Ten years ago Wynwood was like a lot of other old-time light industrial neighborhoods in the US. A wasteland of abandoned warehouses with empty streets and urban blight. A place you wouldn’t go to in the daytime, much less at night.
What a difference a decade makes.
Today the neighborhood is full of restaurants, craft breweries, hip shops:
And the streets are full with families, groups of young and old, couples holding hands.
In my continuing exploration of Miami, I went to Wynwood last Sunday. I passed by people speaking Spanish, Portuguese, French, German and Mandarin. All restaurants and bars full. All exteriors brightly decorated. The Vape Shop looks like this:
Next door is a hipster clothing store:
Across the street, under the enormous mural that looms over all is a furniture store:
Eight Space sells athletic wear:
Of note is the restaurant R House, known for its Sunday drag brunch.
Athena Dion has quite the following.
If you want to see the drag show, make a reservation well in advance.
The big draw of the neighborhood is the wall art. In the geographic center, more or less, of the area is an outdoor art space made up of an explosion of decorated exteriors.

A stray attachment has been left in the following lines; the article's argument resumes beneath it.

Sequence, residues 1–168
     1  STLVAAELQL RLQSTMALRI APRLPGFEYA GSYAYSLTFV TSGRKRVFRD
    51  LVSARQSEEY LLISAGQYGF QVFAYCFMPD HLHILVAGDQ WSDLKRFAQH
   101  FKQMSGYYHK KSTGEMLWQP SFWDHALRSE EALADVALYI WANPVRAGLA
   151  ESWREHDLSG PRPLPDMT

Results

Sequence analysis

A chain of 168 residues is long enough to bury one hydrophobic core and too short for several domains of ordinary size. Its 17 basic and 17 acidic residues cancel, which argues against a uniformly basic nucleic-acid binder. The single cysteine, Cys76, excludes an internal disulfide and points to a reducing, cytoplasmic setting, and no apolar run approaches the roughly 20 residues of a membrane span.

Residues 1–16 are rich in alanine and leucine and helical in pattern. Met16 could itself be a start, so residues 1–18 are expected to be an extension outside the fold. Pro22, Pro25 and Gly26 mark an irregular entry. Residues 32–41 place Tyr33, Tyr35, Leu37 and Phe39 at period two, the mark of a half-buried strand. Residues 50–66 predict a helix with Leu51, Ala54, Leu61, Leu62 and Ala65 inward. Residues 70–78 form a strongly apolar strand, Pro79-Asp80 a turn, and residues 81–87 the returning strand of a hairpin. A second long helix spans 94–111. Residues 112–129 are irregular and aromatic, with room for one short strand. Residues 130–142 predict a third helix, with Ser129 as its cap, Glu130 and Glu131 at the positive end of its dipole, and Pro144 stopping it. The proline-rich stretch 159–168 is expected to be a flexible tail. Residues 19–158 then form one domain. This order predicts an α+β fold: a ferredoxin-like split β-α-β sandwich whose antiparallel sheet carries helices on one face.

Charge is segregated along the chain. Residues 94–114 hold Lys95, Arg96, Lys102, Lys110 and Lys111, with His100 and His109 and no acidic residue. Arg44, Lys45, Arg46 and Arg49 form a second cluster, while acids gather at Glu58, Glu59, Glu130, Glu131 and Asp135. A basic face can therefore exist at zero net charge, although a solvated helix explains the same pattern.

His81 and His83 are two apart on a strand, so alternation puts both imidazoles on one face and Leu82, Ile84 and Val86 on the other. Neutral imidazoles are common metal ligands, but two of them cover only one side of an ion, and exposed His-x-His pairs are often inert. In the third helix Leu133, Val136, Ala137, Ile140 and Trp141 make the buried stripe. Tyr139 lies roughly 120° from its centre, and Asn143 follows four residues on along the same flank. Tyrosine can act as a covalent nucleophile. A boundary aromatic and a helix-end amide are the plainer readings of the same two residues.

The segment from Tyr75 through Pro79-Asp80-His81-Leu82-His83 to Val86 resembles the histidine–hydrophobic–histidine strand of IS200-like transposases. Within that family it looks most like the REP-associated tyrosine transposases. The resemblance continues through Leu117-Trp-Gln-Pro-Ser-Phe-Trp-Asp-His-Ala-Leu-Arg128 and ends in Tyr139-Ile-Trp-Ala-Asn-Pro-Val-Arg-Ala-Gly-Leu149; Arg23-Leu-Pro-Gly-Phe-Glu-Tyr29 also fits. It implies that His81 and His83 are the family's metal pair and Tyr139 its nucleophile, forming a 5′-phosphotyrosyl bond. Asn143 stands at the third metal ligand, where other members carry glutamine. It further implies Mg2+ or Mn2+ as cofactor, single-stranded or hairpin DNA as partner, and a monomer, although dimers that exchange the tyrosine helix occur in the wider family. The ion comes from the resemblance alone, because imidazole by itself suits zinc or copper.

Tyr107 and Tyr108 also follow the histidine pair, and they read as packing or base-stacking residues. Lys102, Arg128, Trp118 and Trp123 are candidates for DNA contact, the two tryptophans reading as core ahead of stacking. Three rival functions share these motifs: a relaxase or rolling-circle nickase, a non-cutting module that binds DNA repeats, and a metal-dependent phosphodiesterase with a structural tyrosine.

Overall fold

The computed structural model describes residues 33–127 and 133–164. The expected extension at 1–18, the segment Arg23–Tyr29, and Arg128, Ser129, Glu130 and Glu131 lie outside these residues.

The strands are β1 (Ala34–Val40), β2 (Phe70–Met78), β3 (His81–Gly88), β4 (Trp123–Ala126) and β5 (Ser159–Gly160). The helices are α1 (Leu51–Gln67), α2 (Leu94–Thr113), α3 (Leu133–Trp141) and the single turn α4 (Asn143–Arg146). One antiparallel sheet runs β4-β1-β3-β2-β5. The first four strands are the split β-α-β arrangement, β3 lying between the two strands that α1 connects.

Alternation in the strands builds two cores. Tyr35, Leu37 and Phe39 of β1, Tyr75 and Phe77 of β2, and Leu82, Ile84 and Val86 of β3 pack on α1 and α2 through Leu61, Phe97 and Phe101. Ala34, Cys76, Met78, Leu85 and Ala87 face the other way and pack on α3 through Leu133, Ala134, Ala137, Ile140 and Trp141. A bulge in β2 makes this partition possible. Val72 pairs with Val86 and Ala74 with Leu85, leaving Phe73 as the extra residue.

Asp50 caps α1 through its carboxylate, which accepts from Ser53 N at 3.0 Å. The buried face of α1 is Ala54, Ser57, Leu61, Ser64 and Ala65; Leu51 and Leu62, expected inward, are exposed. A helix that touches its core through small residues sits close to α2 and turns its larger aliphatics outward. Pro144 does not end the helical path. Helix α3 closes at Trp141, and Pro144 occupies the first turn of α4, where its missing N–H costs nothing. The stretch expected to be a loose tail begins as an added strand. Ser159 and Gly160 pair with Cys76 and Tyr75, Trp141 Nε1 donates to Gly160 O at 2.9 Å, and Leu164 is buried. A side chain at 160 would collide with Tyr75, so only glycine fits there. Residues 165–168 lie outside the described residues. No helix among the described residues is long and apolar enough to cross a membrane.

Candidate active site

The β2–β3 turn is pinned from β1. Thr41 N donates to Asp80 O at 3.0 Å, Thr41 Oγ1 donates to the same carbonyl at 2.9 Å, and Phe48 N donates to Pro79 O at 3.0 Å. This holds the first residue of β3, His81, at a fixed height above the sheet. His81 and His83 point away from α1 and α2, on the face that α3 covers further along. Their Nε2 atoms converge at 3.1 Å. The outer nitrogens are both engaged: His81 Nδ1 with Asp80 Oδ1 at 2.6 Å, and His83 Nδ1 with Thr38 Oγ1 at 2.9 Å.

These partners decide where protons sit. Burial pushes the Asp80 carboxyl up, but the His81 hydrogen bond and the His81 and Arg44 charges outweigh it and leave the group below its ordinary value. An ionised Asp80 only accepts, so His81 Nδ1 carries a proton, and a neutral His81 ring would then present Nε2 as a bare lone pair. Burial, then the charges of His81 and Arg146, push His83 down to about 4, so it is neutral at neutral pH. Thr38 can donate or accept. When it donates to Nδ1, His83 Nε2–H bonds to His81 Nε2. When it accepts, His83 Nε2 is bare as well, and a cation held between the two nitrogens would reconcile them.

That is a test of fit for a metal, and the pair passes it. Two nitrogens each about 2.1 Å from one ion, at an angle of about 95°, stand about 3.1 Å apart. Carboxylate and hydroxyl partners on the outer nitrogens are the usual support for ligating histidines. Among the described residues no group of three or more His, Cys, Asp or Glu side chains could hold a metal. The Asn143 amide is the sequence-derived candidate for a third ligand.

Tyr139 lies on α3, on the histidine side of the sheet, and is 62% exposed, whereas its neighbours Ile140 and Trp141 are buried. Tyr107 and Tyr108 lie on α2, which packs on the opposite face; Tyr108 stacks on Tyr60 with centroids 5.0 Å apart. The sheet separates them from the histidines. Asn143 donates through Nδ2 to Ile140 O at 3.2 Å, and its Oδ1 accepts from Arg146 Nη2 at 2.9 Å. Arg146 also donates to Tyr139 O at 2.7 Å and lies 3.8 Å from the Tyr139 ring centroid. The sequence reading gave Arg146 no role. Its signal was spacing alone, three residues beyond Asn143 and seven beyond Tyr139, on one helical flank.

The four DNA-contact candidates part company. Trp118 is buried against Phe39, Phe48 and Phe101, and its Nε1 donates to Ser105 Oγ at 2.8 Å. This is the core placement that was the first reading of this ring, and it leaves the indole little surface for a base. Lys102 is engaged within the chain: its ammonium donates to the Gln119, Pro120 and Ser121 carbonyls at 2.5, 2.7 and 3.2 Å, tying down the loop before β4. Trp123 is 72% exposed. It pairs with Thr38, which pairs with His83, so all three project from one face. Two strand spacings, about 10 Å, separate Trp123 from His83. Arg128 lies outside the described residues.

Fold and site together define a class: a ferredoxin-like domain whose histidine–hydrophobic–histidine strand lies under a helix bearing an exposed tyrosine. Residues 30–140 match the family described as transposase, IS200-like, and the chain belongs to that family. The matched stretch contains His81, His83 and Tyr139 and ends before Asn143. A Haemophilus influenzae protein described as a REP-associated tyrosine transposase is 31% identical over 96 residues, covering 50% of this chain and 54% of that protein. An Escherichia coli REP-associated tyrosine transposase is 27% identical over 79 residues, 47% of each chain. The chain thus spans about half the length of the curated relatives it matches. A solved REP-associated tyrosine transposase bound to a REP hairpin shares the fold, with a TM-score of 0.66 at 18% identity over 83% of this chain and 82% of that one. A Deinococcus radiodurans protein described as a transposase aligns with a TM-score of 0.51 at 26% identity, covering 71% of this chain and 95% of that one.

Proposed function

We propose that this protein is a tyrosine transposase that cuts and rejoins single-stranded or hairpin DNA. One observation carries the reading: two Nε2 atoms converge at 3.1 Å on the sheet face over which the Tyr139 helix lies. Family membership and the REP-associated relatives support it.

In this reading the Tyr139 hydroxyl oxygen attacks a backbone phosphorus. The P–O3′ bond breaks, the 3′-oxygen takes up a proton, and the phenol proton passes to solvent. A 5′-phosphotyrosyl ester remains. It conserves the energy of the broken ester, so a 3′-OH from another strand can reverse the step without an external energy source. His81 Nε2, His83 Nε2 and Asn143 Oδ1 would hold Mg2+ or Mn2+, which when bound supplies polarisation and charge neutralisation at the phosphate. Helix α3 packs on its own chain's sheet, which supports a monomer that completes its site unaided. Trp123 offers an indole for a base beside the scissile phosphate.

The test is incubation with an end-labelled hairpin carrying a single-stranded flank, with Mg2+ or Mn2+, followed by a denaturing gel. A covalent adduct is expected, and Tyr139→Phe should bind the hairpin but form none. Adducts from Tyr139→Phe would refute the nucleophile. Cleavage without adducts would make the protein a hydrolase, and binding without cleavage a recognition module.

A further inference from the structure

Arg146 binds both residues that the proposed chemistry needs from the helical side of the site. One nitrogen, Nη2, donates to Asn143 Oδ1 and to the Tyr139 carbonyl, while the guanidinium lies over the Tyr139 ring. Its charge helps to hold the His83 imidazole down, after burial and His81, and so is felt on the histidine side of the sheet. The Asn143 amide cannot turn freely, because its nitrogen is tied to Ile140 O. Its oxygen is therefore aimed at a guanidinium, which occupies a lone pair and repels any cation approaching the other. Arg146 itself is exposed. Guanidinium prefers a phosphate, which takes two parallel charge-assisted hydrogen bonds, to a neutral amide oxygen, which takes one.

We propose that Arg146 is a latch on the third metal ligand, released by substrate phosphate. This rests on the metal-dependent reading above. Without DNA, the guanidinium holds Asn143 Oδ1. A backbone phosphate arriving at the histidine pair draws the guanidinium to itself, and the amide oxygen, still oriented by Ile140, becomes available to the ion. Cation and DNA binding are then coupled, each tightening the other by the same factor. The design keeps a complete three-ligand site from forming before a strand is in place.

Not all are easily interpretable but always fun and colorful:
The space is pleasantly walkable:
Everyone enjoying themselves:
Wynwood: Historical Note
The story starts in New York in 1968 when developer and arts patron Tony Goldman first started acquiring real estate in SoHo. At the time graffiti was considered an eye sore, and property owners wanted to remove it – not add to it. This aesthetic changed in the early ’80s when Goldman bought a building with a massive exterior wall mural and decided to leave it up. Then even restored it in 2008.
Goldman next turned his sights on reviving Wynwood.
P.S. Little Haiti
Indeed, this last bit is a post script.
Wynwood is north of downtown. Little Haiti is north of Wynwood. I went to Little Haiti the day before I went to Wynwood and found … pretty much nothing.
The central market was closed for no reason I could discern on a beautiful afternoon:
Unlike the liveliness of Wynwood on a Sunday afternoon, the streets of Little Haiti were empty on a Saturday afternoon. Maybe something was going on somewhere that I didn’t know about, but as an outsider, I was surprised by the nothing.
Little Haiti is known for botanicas which sell folk medicine, religious candles, amulets, and other magical and/or alternative cures and spells. In other words: good stuff.
I found two that were open:
What I expected to see but didn’t is something like this:
You know, some color. Some liveliness. Some people.
See: All My Florida Blogs
This post was written by Julie Tetel Andresen